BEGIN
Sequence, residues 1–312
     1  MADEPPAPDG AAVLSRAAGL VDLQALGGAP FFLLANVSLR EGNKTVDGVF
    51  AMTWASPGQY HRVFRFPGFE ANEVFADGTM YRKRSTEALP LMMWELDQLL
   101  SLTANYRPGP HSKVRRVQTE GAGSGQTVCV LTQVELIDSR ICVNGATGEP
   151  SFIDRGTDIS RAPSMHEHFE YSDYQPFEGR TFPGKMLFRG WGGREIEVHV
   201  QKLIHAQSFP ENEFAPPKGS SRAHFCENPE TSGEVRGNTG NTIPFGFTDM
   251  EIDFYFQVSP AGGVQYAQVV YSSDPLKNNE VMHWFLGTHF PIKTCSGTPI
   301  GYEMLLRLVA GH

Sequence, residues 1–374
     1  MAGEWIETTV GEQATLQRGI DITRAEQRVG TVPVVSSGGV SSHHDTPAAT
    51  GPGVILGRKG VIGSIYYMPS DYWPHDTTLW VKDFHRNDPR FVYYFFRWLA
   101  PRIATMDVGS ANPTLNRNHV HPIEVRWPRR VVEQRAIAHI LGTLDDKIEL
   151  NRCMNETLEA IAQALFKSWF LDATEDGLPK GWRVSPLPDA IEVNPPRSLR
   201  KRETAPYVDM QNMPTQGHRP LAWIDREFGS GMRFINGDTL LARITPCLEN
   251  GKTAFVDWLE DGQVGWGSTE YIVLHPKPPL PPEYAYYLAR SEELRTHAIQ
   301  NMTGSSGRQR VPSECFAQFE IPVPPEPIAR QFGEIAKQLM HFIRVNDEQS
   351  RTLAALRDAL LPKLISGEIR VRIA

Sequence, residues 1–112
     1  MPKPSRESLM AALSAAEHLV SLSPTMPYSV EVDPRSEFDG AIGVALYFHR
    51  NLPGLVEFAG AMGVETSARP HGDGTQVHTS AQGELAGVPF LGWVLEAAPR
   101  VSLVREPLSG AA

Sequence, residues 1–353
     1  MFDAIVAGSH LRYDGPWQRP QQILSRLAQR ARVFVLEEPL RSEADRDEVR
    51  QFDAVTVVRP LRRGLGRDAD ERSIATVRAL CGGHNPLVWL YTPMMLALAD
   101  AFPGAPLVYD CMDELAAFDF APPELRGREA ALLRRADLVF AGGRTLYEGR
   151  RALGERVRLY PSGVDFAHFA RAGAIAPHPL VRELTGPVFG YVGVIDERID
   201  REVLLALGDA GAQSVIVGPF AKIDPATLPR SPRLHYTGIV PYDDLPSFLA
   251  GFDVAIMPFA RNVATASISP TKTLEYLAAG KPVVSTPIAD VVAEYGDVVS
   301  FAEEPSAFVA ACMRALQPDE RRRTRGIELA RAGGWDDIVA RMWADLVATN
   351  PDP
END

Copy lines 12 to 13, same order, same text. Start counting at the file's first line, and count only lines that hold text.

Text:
   101  PRIATMDVGS ANPTLNRNHV HPIEVRWPRR VVEQRAIAHI LGTLDDKIEL
   151  NRCMNETLEA IAQALFKSWF LDATEDGLPK GWRVSPLPDA IEVNPPRSLR